What is a Non-Compete Agreement?
A non-compete agreement, also known as a non-compete clause or covenant not to compete, is an agreement between two parties (often between an employer and employee) whereby one party agrees not to compete with the other party for a specific amount of time or in a certain geographical area. Essentially, a non-compete agreement will restrict you from engaging in a competing business during your employment, and for a certain period of time after you leave your employment. This agreement can be entered into either at the beginning of the business relationship or at the end.
Why Should I Have a Non-Compete Agreement in Place?
A non-compete agreement is designed to decrease the possibility that an employee, who gains knowledge regarding their employer’s business while working for them, will be able to use that knowledge to the disadvantage of the employer.
Requirements Governing a Non-Compete Agreement in Ohio
While employers may require a non-compete agreement for a variety of reasons, courts generally disapprove of the use of such agreements. This is because such agreements limit the ability of a person to earn a living. Thus, courts closely scrutinize non-compete agreements and will refuse to enforce them if they place too great a burden on the employee. Therefore, three legal requirements must be met:
- The non-compete agreement, as with most contracts, must be supported by consideration;
- It must protect a legitimate business interest of the employer; and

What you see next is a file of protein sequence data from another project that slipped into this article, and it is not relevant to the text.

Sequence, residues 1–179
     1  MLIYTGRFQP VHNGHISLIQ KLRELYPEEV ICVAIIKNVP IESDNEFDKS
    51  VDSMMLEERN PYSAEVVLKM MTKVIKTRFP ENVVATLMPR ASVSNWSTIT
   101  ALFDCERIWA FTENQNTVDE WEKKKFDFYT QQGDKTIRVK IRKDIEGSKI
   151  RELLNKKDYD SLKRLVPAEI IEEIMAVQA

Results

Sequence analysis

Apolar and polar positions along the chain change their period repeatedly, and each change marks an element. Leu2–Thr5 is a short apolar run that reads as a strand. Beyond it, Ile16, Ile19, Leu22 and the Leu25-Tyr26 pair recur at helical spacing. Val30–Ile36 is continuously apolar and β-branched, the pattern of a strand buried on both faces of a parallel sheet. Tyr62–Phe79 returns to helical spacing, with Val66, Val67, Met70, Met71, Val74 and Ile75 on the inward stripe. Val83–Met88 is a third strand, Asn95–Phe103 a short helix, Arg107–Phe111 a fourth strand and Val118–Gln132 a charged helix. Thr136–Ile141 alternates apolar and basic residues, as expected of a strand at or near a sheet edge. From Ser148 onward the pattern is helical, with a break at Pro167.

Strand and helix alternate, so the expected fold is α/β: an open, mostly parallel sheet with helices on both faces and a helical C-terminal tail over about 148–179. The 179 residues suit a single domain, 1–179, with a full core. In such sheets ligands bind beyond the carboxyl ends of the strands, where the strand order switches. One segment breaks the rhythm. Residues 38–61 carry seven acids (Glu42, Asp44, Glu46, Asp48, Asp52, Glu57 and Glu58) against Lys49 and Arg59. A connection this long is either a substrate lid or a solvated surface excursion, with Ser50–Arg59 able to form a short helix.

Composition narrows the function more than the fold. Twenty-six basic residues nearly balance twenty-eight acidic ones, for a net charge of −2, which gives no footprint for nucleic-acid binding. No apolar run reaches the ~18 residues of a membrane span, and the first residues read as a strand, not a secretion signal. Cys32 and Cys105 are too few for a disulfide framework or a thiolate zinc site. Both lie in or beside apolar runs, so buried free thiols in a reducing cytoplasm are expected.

- It must be limited in scope, duration and geographic area.
Other information that must be included within the agreement include the effective date of the agreement, the names and addresses of the parties, and the reason for the non-compete agreement. Recommended provisions include prohibiting the employee from soliciting the employer’s customers as clients, hiring the employer’s other employees, or disclosing the employer’s confidential information. Finally, the agreement must be signed by both parties.
Consideration is the exchange of something of value. In this context, the employee must be given something of value (i.e., employment) in exchange for signing the agreement. This exchange, prior to employment, is perfectly fine. However, if the employer wishes for an employee to sign a non-compete agreement after employment has occurred, continued employment will not suffice as consideration. New value must be given, such as a work benefit or promotion.
Legitimate Business Interest
A legitimate business interest is a vague term, but it includes ideas such as confidential information and company goodwill. If the company takes reasonable steps to ensure the information is kept secret, and the information gives the employer a competitive advantage in the marketplace, the information can be protected as a legitimate business interest. Additionally, company goodwill developed with customers is an asset to the business and can be protected.
Scope, Duration and Geographic Area
Courts balance the legitimate business interest of the employer against the burden imposed on the employee in weighing whether a non-compete agreement is enforceable. The scope, duration and geographic area limitations within a non-compete agreement are fact specific, but they cannot impose too great a burden on the employee. These provisions are judged on a reasonableness standard. If the provisions are too broad, the court could narrow the scope of the provisions or refuse to enforce the agreement in its entirety.
Columbus and Delaware, Ohio Small Business Attorney
If you wish to create a non-compete agreement to protect your small business in Columbus or Delaware, Ohio, contact Johnson Legal, LLC and speak with an experienced small business lawyer. Attorney David Johnson of Johnson Legal, LLC will discuss your small business needs. Call (614) 987-0192 or send an email to schedule a consultation.